OTTAWA – Canada should step up its support for education in the developing world in the name of fostering peace and economic growth both at home and abroad, says former Australian prime minister Julia Gillard.
Gillard, who chairs the board of Global Partnership for Education, is meeting this week with fellow members in Ottawa, where she’s urging Canada to increase its contribution to the international advocacy group she leads.
That contribution currently stands at $120 million over four years, the result of a pledge from the previous Conservative government.
“We think the world is lifting ambition around education,” Gillard said in an interview.
“Global leaders like Malala (Yousafzai) are calling on Canada and the world to lift ambition, and we do think that what we do fits absolutely with Canada’s priorities for change.”
The message from Gillard, the first woman to become prime minister of Australia, goes beyond the money.
The world is looking to Prime Minister Justin Trudeau, who also holds the youth portfolio, to show leadership on the issue, she said — especially since Canada is hosting the G7 summit in the Charlevoix region of Quebec next year.
Her plea comes in a year when the federal budget included no new foreign aid spending, and when Finance Minister Bill Morneau has talked about doing more with less, including by involving private companies in financing poverty-reduction projects.
It also comes as the Liberal government gingerly navigates its complex trading relationship with U.S. President Donald Trump.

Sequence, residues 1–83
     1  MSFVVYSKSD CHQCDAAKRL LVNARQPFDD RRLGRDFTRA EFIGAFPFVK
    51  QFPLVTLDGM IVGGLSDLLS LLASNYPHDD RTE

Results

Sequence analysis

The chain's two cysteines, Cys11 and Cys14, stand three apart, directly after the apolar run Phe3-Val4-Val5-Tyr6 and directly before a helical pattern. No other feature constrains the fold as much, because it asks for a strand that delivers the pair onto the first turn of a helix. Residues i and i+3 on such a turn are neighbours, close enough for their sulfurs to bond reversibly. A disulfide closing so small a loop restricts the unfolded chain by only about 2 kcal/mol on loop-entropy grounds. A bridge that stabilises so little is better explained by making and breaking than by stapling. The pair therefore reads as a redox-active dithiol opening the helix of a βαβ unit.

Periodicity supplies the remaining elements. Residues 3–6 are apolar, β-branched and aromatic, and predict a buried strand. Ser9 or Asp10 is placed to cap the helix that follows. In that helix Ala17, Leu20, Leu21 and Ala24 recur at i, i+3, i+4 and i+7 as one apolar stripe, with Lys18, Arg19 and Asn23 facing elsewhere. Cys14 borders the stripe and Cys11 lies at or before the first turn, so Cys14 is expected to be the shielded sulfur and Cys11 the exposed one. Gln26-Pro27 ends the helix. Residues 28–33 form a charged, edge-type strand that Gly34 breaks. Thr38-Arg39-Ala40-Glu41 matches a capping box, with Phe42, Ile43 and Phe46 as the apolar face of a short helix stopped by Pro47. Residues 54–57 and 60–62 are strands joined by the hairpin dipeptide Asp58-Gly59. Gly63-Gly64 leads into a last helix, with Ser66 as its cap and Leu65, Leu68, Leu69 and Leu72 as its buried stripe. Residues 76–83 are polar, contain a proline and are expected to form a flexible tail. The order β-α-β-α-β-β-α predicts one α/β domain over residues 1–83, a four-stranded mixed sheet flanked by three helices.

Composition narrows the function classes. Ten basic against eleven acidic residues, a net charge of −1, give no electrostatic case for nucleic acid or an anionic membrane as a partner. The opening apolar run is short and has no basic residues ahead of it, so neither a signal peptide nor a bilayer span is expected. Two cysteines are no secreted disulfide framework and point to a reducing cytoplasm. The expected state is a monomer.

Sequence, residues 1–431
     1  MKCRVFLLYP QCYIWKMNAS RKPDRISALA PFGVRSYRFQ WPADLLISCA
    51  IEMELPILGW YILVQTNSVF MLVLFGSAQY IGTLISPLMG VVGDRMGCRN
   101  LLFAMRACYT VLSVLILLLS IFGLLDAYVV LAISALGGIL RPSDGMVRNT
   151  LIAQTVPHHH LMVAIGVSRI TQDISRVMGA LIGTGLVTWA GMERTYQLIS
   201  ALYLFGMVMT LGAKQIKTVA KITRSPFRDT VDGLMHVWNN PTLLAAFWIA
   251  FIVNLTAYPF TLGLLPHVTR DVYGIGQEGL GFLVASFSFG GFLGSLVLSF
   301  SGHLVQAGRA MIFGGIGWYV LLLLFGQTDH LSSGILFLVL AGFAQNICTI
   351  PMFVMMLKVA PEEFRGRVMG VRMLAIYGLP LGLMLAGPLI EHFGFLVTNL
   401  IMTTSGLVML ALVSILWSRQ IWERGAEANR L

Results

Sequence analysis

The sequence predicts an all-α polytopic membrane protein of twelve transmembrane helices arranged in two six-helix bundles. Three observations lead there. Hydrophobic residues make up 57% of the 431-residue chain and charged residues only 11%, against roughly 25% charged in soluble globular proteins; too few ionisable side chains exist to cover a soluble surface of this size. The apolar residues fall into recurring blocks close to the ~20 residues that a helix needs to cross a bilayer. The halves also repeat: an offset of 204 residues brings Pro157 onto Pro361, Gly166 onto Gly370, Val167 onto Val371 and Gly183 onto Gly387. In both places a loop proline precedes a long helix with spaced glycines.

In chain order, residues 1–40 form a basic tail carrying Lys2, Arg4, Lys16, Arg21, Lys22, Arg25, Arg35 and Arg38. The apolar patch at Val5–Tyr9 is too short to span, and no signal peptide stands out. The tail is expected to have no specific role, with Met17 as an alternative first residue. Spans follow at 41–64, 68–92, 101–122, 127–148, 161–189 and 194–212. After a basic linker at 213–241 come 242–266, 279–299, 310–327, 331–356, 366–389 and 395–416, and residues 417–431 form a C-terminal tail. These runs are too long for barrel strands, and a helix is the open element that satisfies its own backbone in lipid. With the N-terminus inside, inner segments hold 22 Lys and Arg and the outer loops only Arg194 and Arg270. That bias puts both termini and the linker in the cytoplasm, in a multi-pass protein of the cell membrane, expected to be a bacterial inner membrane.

That has led Trudeau to be a rather muted critic on the world stage, although Foreign Affairs Minister Chrystia Freeland signalled a change on that front Tuesday in a major speech that called for Canada to step into a global leadership role.
It’s understandable for a politician to focus on jobs and economic growth at home, Gillard said — but what happens elsewhere can also have a significant impact, she added.
“The long term for Canada’s peace and prosperity does depend so much on what happens around the rest of the world.”
Improving access to quality education — especially for girls — can improve health outcomes, increase vaccination rates, lower the risk of contracting HIV/AIDS and decrease infant mortality rates, she argued.
And societies with greater education levels are more likely to resolve conflicts through peaceful means, she said.
“I think there’s the pressing issues of today, but where will Canadian jobs and prosperity come from in 10, 20, 30, 40 years? Part of answering that very big question is looking to global growth, global circumstances, global peace and stability,” she said.
“I’m absolutely a believer that education is the key to unlocking the best future for all of us.”
International Development Minister Marie-Claude Bibeau is expected to unveil the new federal international assistance policy on Friday.
The Liberals have said it will focus on the rights of women and girls and gender equality.
Author: JOANNA SMITH